Similarly, in our kidney stone example a lurking variable could be the size of the stone. Doctors disproportionately used Treatment A more for large stones, and Treatment B more for small stones - at the same time, small stones were easier to cure than large stones. By not taking into account the effect of the stone size on the treatment distribution, we arrive at the paradox from before.

Funnily enough, Simpson's paradox occurs fairly frequently - in fact, statisticians have estimated that in any similar 2x2 table as in the kidney stone example, we'd expect about 1/60 of them to have some version of the paradox.

On famous example involved a sex discrimination lawsuit at Berkeley in 1973. The admission results from the six largest departments looked something like this:

Department Men Women
A 512/825 = 62% 89/108 = 82%
B 353/560 = 63% 17/25 = 68%
C 120/325 = 37% 202/593 = 34%
D 138/417 = 33% 131/375 = 35%
E 53/191 = 28% 142/393 = 24%
F 16/272 = 6% 24/341 = 7%

 When the total data was added up across all departments, though, the distribution was as follows:

Applicants Admitted
Men 8442 44%
Women 4321 35%

At first glance, it looks like a case of gender discrimination - nearly 10% more men were admitted across the board than women, and some people who felt cheated took it to court.


Looking at those six departments in the first table, though, shows something interesting - Departments A, B, and D where the most popular with the men, and the least popular for the women. In these, the women consistently were more likely to be admitted than men. On the other hand, Departments C and E were the most popular for the women, and they lost to the men. Unfortunately, the Departments most popular with women also had admission averages that were about half of the ones that the men chose.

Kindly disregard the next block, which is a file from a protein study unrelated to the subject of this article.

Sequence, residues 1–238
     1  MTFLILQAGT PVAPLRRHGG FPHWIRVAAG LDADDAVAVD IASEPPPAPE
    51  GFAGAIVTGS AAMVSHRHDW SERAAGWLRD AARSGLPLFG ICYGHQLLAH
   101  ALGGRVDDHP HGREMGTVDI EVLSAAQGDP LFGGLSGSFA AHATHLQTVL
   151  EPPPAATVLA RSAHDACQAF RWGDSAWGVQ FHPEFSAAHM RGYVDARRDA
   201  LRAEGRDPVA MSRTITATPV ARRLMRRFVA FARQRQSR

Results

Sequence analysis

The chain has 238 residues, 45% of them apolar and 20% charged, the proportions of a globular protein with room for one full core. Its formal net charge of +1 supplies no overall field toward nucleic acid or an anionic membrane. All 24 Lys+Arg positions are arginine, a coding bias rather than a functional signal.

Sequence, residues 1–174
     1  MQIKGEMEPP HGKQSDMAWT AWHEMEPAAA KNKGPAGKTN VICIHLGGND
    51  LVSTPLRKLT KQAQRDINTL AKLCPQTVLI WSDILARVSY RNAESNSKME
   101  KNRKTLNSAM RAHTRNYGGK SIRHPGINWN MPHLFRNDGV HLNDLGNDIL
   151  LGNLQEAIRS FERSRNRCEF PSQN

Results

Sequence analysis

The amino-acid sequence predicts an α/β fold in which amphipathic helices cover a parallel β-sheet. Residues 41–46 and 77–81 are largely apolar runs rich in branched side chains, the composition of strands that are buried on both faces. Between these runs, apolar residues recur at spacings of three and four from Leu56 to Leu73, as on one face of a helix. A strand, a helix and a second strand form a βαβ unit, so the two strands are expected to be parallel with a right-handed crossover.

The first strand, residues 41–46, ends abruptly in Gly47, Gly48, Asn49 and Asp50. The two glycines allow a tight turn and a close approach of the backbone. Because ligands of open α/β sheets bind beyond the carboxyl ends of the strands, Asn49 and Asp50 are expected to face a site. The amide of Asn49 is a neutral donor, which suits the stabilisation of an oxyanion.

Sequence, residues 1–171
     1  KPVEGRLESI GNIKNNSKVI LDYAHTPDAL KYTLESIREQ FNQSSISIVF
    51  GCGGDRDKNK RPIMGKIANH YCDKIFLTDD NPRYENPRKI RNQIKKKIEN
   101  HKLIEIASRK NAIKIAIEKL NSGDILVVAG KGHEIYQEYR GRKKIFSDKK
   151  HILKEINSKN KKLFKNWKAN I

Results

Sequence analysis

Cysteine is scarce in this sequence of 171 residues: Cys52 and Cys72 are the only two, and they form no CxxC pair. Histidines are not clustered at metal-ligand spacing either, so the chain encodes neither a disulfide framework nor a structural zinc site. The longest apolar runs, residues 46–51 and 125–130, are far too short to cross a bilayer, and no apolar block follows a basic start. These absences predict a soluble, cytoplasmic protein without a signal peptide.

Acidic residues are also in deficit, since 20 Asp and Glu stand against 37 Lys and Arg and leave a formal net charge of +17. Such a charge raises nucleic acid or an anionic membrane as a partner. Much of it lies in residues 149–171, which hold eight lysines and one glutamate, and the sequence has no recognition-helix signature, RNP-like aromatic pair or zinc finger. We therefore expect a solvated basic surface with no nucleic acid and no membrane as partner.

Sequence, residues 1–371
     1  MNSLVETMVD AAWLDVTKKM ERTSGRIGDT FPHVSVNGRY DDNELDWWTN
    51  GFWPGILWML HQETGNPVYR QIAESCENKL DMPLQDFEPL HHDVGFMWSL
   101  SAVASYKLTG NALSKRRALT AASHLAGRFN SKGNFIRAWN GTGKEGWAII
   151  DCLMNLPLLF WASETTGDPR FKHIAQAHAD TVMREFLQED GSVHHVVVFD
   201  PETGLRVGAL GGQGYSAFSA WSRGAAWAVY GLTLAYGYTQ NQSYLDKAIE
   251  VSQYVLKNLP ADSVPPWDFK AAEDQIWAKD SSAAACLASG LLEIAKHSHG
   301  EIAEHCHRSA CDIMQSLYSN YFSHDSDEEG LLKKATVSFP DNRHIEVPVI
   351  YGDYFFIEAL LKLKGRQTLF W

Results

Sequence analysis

In fact, a study of these results suggested that there was a "small but statistically significant bias in favor of women" in the admission process when examining all departments in question, and the lawsuit failed. The lurking variable in this case was the character of the departments themselves - men tended to go into studies that were more math-intense (engineering, science, etc.), which happened to have more room to accept students.


It's really important to keep concepts like this in mind when examining statistics. For instance, one has to be extremely careful performing direct comparisons of male versus female earnings to account for factors such as preference in employment - it's much better to compare across identical jobs than comparing aggregate numbers. Aggregate statistics in that case are only really good for highlighting disparity in employment distributions, not earning statistics. Similarly, the Berkeley sex bias case, while not showing a bias against admitting women into studies, highlighted a lack of female participation in programs involving math that was more indicative of early societal pressures than active denial.


One final word of caution regarding Simpson's paradox: due to its relative likelihood, it's not impossible to make it appear as though it is taking place when in fact it isn't. Breaking up applicants by department makes sense because each department's admissions process is hypothetically  independent of each other, but one could easily also break the applicants into groups based on eye colour, height, birth place, beer preference, favorite hockey team, or blog readership. Chances are that in any given group of people, there's a way of breaking the data up nearly arbitrarily that could result in such a paradox. So if you ever see crazy differences between aggregate results and group results, make sure to keep an eye out for any funny business!